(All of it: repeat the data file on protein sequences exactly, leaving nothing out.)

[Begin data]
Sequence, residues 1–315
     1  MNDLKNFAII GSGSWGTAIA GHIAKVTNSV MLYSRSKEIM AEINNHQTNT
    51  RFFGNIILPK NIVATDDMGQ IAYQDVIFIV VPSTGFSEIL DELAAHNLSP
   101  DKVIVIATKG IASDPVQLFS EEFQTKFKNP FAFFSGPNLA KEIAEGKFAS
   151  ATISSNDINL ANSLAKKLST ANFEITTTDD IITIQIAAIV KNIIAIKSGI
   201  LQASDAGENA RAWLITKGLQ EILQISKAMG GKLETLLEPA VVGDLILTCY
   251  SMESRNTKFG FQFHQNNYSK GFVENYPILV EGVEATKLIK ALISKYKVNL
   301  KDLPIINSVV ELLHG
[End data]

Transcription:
Sequence, residues 1–315
     1  MNDLKNFAII GSGSWGTAIA GHIAKVTNSV MLYSRSKEIM AEINNHQTNT
    51  RFFGNIILPK NIVATDDMGQ IAYQDVIFIV VPSTGFSEIL DELAAHNLSP
   101  DKVIVIATKG IASDPVQLFS EEFQTKFKNP FAFFSGPNLA KEIAEGKFAS
   151  ATISSNDINL ANSLAKKLST ANFEITTTDD IITIQIAAIV KNIIAIKSGI
   201  LQASDAGENA RAWLITKGLQ EILQISKAMG GKLETLLEPA VVGDLILTCY
   251  SMESRNTKFG FQFHQNNYSK GFVENYPILV EGVEATKLIK ALISKYKVNL
   301  KDLPIINSVV ELLHG